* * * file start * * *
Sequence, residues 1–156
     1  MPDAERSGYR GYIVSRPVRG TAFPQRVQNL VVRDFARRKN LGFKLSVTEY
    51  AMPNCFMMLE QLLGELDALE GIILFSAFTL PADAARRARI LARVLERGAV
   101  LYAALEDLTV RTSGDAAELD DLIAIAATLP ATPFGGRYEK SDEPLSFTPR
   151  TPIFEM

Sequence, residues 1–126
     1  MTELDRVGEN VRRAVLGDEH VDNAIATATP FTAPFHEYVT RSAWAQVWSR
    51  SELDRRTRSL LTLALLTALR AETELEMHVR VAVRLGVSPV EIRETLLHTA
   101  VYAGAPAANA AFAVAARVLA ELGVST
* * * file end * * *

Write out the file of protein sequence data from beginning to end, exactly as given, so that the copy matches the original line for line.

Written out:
Sequence, residues 1–156
     1  MPDAERSGYR GYIVSRPVRG TAFPQRVQNL VVRDFARRKN LGFKLSVTEY
    51  AMPNCFMMLE QLLGELDALE GIILFSAFTL PADAARRARI LARVLERGAV
   101  LYAALEDLTV RTSGDAAELD DLIAIAATLP ATPFGGRYEK SDEPLSFTPR
   151  TPIFEM

Sequence, residues 1–126
     1  MTELDRVGEN VRRAVLGDEH VDNAIATATP FTAPFHEYVT RSAWAQVWSR
    51  SELDRRTRSL LTLALLTALR AETELEMHVR VAVRLGVSPV EIRETLLHTA
   101  VYAGAPAANA AFAVAARVLA ELGVST